Anyone can play boccia!

However, athletes who are interested in attending competitions, need to go through a process called classification, in order to determine if they are eligible.

Through classification, athletes are observed by a group that includes an individual knowledgeable about the technical aspects of boccia and a physiotherapist and/or a doctor. This team ensures athletes are grouped into similar categories to ensure an equitable playing field.

National Boccia Classification Database (NBCD)

Find the National Boccia Classification Database here.

Classification Manual

Find the classification manual for boccia here.

Boccia Classification Rules

Athletes are assessed on their functionality and sporting ability into one of five classifications:


  • Severe impairment affecting all four limbs
  • Limited functional range of motion and coordination
  • May need power wheelchair for mobility
  • Has difficulty changing sitting position in chair
  • Has a hard time gripping and releasing the ball, but can throw consistently with hands or kick with feet

BC1 athletes may have an on-court assistant to help place the ball in their hand and position their chair.


  • Severe impairment affecting all four limbs
  • May use a manual or power wheelchair for everyday mobility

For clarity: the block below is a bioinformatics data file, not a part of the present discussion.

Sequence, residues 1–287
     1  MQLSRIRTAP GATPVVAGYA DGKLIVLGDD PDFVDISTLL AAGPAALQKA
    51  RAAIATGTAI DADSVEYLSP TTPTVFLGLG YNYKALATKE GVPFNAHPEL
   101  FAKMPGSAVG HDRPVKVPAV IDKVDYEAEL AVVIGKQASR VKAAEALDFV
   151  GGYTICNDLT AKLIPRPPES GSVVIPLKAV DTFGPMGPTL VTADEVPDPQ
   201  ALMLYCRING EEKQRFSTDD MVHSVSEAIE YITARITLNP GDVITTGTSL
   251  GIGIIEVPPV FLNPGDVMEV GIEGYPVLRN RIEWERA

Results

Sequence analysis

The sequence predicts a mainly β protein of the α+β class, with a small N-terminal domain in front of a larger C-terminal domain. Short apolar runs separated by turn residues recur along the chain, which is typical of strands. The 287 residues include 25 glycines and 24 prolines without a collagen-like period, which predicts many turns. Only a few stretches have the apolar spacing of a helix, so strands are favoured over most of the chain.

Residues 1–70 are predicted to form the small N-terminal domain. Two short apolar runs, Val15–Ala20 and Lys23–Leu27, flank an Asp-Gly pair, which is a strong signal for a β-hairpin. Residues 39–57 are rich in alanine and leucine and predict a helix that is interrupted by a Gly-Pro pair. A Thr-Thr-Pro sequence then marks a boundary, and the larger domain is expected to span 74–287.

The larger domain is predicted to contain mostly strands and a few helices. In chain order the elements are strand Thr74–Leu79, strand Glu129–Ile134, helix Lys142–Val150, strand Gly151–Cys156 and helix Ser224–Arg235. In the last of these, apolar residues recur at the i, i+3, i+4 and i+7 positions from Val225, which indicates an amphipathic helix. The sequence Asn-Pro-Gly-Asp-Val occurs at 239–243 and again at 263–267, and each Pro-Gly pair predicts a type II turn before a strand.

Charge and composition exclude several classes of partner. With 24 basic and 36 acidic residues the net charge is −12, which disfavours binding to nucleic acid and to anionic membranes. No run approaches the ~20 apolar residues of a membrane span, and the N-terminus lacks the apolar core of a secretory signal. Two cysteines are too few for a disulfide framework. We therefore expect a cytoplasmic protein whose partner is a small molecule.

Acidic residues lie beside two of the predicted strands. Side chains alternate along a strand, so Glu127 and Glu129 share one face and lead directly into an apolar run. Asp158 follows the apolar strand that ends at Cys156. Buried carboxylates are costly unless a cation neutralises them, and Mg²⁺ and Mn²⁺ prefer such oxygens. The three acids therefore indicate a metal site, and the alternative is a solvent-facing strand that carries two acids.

• Lacks stability, but may be able to walk short distances
  • Strong grip and release of ball

BC2 athletes are not eligible for an on-court assistant.


  • Very severe impairment in all four limbs
  • May have arm movement but is unable to throw a boccia ball consistently with speed onto the playing area

BC3 athletes are able to have an on-court assistant as well as use an assistive device such as a ramp and a pointer.


  • Locomotive dysfunction affecting all four limbs
  • May have poor trunk control and will need assistance to return upright
  • Weak or lack of control of upper and/or lower limbs as well as trunk
  • Poor range of movement
  • Poor grip and release of ball, but has enough strength to throw a ball consistently

BC4 athletes are not eligible for an on-court assistant.


  • These are players with less impairment than a BC2 or BC4
  • For conditions of both Cerebral and Non Cerebral origin
  • Cerebral: Quadriplegic, Triplegic, Severe Hemiplegic.
  • Non Cerebral: impairment may result from lack of muscle strength, limitation in range of movement or limb shortening
  • May use either a manual or power wheelchair
  • May be able to walk with assistance or using a walking aid over short distances
  • Has a more active throw as a result of increased trunk control and/or upper limb muscle strength

BC5 athletes are not eligible for an on-court assistant.


The Open classification is for athletes who have a disability but do not qualify for the BC1-5 classifications. Open athletes may compete in any competition that offers an open division but are not eligible for competitions outside of Canada.